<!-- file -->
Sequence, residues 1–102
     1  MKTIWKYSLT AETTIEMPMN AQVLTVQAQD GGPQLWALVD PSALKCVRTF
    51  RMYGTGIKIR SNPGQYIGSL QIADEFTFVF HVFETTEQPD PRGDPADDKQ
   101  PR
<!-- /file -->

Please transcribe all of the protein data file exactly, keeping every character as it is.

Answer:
Sequence, residues 1–102
     1  MKTIWKYSLT AETTIEMPMN AQVLTVQAQD GGPQLWALVD PSALKCVRTF
    51  RMYGTGIKIR SNPGQYIGSL QIADEFTFVF HVFETTEQPD PRGDPADDKQ
   101  PR